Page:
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Locked Up

Landing behind bars can make or break a gang banger


There are those who join gangs while in jail for what they perceive as protection. Getting “jumped in” is not all it takes, either—new recruits must show their loyalty and “put in work,” gang slang for committing violence against a rival.

Flagged: Makeshift gang flags made out of cloth inside Nassau Jail are confiscated by investigators and displayed in their office.

Flagged: Makeshift gang flags made out of cloth inside Nassau Jail are confiscated by investigators and displayed in their office.

“If the head of the set says pop off on this guy, you better pop off on him or someone’s gonna pop off on you,” says Lundquist, using gang lingo for shooting, which in jail means a shanking. Until they’re made official gang members, they’re “food,” he adds. With such a mentality, it’s not hard to see why his team refers to gang members as “internal terrorists” for their ability to spread fear.


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Although gangs have a tendency to bolster their ranks when behind bars and many inmates leave worse than they came in, some also decide they want to go on the straight and narrow when they’re inside. Occasionally, despite all of the lies, there are moments of truth from the gang inmates—if the fights they get into don’t speak for themselves.

“Guys do reflect on their lives and see how bad it is,” says Eddie Callahan, an officer with the Gang Intelligence Unit in Nassau’s jail, while seated inside Acting Sheriff Mike Sposato’s office along with colleagues. “They look back and only see death,” sometimes breaking into tears, Callahan says, describing how one gang member said he ran out of room on his back for tattoos of the names of his friends who were killed.

“I talked to somebody the other day who said he dropped his flag,” meaning he quit the gang, says Callahan. But that doesn’t always mean their past won’t come back to haunt them. “Just because you’re so-called ‘out’ doesn’t mean that violence still isn’t going to happen,” he says.

Still, having been labeled a gang member doesn’t always mean an inmate has no hope. “Most of these guys, when you ask them if they’d do it all over again, they say no, it’s not worth it,” Lundquist says, adding that parental instincts often kick in for those with children out there beyond the razor-wire fence.

“Once you talk to them, you realize they have the same concerns,” he says. “They’re worried about their family, they’re worried about their girlfriends being able to pay the rent—a lot of them would like to get out of the gang life.”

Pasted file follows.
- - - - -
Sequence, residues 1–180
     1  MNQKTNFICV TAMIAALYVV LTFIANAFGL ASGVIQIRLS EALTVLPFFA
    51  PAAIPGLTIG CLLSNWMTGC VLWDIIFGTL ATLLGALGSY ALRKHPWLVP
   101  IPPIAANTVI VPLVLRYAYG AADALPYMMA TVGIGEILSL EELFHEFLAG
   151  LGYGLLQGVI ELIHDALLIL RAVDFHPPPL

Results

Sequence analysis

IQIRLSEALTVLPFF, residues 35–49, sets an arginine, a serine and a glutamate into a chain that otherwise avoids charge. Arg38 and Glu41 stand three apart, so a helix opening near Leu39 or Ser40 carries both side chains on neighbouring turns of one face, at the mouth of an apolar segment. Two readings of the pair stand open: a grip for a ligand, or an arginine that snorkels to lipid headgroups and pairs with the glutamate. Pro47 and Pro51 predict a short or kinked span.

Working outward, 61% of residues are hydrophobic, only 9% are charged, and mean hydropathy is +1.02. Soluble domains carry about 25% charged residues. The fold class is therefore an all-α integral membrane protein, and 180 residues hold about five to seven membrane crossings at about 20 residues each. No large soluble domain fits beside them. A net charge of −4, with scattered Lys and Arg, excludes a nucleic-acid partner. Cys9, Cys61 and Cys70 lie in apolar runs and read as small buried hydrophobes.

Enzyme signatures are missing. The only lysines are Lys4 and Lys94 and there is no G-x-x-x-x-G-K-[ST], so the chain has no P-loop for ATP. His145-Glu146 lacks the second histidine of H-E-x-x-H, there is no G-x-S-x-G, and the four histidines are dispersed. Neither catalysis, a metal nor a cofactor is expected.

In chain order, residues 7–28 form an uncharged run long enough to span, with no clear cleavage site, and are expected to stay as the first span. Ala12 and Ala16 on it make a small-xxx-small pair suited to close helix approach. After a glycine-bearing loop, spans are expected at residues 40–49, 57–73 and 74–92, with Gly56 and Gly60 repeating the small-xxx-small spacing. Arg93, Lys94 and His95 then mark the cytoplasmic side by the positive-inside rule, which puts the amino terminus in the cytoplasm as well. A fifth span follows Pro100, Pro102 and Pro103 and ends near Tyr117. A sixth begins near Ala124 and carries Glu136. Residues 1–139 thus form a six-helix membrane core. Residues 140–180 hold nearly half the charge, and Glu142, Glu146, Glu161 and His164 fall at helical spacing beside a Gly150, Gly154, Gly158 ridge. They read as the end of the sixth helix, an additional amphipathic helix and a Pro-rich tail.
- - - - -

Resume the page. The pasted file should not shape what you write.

Doing Time

Some gang members don’t want to be rehabilitated into contributing members of society and consider living in a 6-by-9-foot cell just another harsh fact of life. They instead become more effective criminals by learning from their new neighbors. For these hardcore gang bangers, there is little jailhouse gang investigators can do beyond bleed them for intel that they can share with detectives on the street.

When the jail stopped selling colored pencils, inmates started using Tang powdered juice to make these intricate drawings, which are like a gang member’s badge.

When the jail stopped selling colored pencils, inmates started using Tang powdered juice to make these intricate drawings, which are like a gang member’s badge.

“Their information has a very short shelf life,” says Callahan. He estimates crews change their code words and colors every 3 to 6 months, which makes the reports that they issue each day on gang members who are being released and gang investigator conferences all the more important. “Sometimes it frustrates us more that there’s not enough hours in a day,” says the tireless investigator, the type to send work-related e-mails from home at 3 a.m.

These jail investigators are reluctant to name specific inmates or share case details for fear of glorifying certain gang members—and thereby adding to their reputation—but in interviews with these officers during recent tours at the jails in both counties, they said their findings often reveal inmates that are far less threatening than their status suggests.

The biggest misperception, says Lundquist, is “that all these guys are tough guys, because they’re not. It’s much harder to stand alone.” Same goes for those who are on the “worldwide lineup,” or those who are recognized as being an “original gangster,” or among the gang’s leadership.

In Nassau, those inmates who have reputations as bad-asses often disappoint as well. “When you pull them out and talk to them, they’re very respectful,” says Callahan. Some almost seem nice enough to be considered a friend, were they not on opposite sides of the law, he adds.

But for those who are being sent from jail to an upstate prison, even the head of a local set becomes a small fish in a big pond.

“Those are the major leagues and then these are the minor leagues,” says Vinnie Focazio, another gang unit officer in Nassau’s jail. Gang members looking to maintain their lifestyle join bigger gangs in prison.

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